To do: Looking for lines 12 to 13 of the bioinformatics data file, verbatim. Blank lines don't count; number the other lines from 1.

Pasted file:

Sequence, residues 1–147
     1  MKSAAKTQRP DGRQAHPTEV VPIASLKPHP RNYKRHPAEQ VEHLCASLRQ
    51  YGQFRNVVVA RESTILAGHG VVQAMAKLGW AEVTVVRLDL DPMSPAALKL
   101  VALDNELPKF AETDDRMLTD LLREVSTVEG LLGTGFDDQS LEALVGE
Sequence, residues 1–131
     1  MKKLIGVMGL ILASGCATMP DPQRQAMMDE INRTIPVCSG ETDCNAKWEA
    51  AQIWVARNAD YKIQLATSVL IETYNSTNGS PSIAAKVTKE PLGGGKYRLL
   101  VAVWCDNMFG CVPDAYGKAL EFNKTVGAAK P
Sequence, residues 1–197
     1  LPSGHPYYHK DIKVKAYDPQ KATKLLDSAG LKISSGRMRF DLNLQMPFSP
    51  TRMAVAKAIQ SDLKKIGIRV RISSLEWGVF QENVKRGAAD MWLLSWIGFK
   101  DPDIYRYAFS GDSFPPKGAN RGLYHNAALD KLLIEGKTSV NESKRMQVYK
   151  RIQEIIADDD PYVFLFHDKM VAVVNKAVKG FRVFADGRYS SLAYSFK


   101  DPDIYRYAFS GDSFPPKGAN RGLYHNAALD KLLIEGKTSV NESKRMQVYK
   151  RIQEIIADDD PYVFLFHDKM VAVVNKAVKG FRVFADGRYS SLAYSFK